“You have to realize that it’s more of an eye-opening thing from a business point of view rather than people are collectively orgasming at the same time and buying the album. But there’s an attitude that is definitely open, there are a few doors that I guess weren’t there before. It’s a stamp of approval. … All of a sudden, you have that little bit of Grammy metal on your chest. It means that you are legit and not just a campy, doomy, theatrical rock band.”
Whether Ghost is a truly Satanic band:
“No, not in the sense that you mean that all members of the band are devoted Satanists. Speaking from a Bible-thumping point of view, our image and our schtick is definitely Satanic in our message. But that depends clearly on who you’re asking. … We are Satanic per default because we play rock and roll — ask anyone in Mississippi and you will have that answer. It’s all in the eyes of the beholder.”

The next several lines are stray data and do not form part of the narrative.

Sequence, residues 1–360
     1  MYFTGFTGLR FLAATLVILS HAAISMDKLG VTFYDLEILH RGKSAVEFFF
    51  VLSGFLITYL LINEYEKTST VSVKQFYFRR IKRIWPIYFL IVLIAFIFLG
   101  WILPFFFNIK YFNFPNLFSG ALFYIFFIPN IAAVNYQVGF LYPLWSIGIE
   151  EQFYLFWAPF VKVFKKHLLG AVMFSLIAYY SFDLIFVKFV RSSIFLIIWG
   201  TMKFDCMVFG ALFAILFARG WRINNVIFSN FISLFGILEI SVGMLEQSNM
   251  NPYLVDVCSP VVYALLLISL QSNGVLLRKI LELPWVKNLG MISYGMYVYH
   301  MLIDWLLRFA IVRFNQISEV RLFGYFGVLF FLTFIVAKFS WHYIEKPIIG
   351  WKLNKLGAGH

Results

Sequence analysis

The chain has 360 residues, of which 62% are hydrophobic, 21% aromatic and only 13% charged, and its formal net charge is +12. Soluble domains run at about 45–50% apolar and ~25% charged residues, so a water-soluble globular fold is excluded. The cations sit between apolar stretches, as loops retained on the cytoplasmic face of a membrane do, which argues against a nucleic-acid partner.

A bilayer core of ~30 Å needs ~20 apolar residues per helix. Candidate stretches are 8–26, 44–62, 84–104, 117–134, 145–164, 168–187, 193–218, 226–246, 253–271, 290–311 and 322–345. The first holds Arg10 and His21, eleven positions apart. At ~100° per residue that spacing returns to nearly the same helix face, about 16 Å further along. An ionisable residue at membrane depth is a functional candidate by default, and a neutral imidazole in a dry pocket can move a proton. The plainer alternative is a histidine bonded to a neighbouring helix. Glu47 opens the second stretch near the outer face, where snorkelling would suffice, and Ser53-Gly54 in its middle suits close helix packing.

Developing the band’s image:
“In my mind and the one person that was with me at the time, it was pretty evident that this is not just a T-shirt band. It doesn’t sound like a T-shirt band. The image or the vocal style or the lyrical themes — it just screams out something else. Right there and then, the whole imagery came, at least in theory, quite quickly. ‘It needs to be nameless, it needs to be faceless, and there should be some sort of preacher singing.’ … I think it was pretty much materialized in a day. It was just one evening. And then came the big task of making a record and sort of getting the imagery together and all that.”
Keeping band members’ identities a mystery and remaining nameless: